Transition to Real Work for Real Pay – Bill 148 Barriers to Competitive Employment
In addition to the implications of Bill 148 for individuals and families related to employing workers, Bill 148 also includes proposals that impact people with developmental disabilities as employees. The DS Sector is transitioning away from simulated work in sheltered settings, and Bill 148 gives the force of law to this transition by eliminating the existing sheltered work exemption – few would dispute that this is progress. The way of the future is for people with developmental disabilities to be supported in individualized and inclusive community based activities, which for many will include real work for real pay. Unfortunately, Bill 148 may also create unintended barriers for people with developmental disabilities who wish to pursue competitive employment.
Bill 148 eliminates the existing on-the-job training exemption through which many people with developmental disabilities could otherwise receive short-term, curriculum based, and outcomes focused employment preparedness training in real work settings. Under Bill 148 such training programs will only be permissible if provided by mainstream academic establishments such as colleges and universities. This restriction to mainstream academia is contrary to guidance provided by the Ontario Government in relation to training for people in the DS Sector in 2016. It will also have an adverse, and discriminatory impact on individuals with developmental disabilities for whom these institutions may not be accessible for disability-related and financial reasons, and for whom an individualized approach to on-the-job training may be more appropriate. This is a matter of human rights and equality. The elimination of the on-the-job training exemption must be reconsidered from the perspective of people with developmental disabilities.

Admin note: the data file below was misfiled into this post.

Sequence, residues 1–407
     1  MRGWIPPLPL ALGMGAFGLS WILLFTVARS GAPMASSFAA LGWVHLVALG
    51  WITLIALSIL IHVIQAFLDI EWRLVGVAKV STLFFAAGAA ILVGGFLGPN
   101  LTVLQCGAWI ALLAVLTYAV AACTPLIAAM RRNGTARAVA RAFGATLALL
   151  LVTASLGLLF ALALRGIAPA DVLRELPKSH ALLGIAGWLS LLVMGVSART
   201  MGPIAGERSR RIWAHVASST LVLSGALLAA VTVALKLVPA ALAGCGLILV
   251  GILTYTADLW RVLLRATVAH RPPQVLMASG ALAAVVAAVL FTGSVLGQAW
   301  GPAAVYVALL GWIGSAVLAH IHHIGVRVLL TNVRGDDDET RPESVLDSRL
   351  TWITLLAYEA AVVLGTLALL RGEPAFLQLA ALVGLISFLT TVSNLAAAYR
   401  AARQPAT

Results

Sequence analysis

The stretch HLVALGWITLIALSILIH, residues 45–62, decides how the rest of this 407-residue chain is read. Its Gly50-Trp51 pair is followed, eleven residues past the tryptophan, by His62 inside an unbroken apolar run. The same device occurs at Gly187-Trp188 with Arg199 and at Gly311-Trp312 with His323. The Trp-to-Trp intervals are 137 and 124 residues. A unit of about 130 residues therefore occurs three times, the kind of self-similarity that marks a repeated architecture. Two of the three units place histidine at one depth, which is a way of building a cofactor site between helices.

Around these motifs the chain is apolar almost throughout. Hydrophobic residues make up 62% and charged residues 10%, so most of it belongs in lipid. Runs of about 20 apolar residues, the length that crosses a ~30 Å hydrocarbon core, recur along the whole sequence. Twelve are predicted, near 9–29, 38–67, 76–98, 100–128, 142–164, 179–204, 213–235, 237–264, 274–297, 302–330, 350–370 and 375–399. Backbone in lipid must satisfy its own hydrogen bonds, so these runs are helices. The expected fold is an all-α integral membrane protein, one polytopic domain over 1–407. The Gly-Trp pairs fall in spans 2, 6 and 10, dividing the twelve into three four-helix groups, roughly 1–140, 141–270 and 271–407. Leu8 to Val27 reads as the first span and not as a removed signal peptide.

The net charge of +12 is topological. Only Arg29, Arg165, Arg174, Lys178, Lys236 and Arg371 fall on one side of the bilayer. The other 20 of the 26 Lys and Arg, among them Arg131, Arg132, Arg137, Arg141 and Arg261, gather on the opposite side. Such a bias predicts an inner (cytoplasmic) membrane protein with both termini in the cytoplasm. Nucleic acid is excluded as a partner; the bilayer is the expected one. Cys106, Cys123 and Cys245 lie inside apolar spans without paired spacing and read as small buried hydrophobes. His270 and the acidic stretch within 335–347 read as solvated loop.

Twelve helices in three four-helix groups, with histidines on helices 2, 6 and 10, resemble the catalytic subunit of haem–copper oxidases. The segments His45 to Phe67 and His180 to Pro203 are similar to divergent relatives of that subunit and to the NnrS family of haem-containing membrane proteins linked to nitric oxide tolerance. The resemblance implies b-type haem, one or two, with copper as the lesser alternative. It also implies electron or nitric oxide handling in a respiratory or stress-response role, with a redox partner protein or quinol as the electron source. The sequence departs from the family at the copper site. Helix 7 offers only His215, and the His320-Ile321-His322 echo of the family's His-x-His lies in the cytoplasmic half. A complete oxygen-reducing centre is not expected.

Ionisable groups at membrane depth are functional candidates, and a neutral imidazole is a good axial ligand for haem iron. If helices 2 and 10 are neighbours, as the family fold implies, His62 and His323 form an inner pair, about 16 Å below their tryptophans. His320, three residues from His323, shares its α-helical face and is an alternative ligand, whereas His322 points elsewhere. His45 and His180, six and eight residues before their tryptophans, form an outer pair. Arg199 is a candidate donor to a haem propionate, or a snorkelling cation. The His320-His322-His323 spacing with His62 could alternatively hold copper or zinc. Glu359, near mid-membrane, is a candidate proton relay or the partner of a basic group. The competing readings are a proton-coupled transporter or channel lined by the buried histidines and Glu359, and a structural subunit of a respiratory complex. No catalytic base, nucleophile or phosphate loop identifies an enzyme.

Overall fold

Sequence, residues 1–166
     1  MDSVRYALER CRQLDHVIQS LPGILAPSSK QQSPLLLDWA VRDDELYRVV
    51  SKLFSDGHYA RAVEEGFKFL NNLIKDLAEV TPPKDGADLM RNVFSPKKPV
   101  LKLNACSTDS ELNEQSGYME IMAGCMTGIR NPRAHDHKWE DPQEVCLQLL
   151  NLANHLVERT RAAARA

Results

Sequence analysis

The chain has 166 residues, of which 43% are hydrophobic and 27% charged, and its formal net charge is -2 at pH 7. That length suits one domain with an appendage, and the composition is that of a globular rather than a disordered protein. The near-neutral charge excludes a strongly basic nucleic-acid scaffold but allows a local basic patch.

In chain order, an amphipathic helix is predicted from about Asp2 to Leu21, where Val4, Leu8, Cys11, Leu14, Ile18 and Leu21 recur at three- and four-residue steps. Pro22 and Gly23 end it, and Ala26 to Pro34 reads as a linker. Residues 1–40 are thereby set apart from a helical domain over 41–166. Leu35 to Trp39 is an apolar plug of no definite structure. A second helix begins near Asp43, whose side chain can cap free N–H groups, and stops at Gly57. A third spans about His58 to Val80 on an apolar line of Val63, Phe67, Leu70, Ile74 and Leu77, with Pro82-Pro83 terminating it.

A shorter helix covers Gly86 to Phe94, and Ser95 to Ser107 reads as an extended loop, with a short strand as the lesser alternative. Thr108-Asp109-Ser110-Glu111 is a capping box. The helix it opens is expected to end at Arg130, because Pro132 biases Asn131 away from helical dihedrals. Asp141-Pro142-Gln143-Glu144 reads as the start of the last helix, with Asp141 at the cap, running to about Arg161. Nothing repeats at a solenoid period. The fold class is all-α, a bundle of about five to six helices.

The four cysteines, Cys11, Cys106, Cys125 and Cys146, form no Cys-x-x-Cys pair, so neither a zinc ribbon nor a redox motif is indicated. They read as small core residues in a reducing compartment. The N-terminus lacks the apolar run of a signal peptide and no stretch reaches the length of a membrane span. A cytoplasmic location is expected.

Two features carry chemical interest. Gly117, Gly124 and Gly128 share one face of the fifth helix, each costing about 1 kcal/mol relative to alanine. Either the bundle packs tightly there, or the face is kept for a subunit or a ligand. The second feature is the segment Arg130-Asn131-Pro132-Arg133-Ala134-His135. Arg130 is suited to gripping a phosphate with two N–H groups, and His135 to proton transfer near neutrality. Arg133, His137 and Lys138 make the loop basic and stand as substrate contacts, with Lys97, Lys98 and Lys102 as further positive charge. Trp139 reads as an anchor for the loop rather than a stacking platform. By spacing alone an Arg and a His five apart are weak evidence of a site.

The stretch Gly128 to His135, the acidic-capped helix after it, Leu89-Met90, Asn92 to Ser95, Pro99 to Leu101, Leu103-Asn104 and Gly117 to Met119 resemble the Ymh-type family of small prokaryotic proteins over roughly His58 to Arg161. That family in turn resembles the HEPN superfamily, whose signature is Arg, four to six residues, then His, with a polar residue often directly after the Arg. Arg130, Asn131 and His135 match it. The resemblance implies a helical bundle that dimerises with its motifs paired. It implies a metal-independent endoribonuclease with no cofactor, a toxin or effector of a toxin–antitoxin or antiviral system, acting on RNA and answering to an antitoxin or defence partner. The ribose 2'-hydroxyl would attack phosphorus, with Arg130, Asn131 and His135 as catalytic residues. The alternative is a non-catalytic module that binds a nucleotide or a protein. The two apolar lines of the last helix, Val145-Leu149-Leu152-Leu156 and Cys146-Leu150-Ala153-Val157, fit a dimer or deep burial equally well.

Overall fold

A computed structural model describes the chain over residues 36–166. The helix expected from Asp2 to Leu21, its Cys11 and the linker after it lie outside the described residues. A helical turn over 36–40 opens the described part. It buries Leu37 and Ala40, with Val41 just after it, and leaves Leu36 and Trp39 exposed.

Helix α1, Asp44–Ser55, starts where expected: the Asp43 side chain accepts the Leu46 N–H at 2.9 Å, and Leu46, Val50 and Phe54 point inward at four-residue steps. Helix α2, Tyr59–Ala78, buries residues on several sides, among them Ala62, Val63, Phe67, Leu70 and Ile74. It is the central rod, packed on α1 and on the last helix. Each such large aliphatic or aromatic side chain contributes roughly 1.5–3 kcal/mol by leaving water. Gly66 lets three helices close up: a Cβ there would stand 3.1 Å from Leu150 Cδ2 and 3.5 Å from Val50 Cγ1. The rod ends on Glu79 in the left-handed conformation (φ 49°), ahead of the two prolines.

Bill 148 Needs to Be Reconsidered with People with Developmental Disabilities in Mind
All told, Bill 148, as proposed, will have a profound impact on the quality of life, health, safety and well-being of many people with developmental disabilities and their families. These implications have not been given due consideration in the legislative process and we urge that the finalization and implementation of Bill 148 be delayed until:
- The implications for individuals with disabilities, families and other “vulnerable employers” have been properly investigated;
- The unintended prejudice to individuals with disabilities and their families that will result from Bill 148 have been mitigated by appropriate amendments and exemptions; and
- Appropriate measures have been undertaken by the Ontario Government to appropriately inform, support and fund families of persons with developmental disabilities to engage workers in a manner that is compliant with their legal obligations under the ESA, as amended by Bill 148, and under any other applicable legislation, without a resulting reduction in support hours.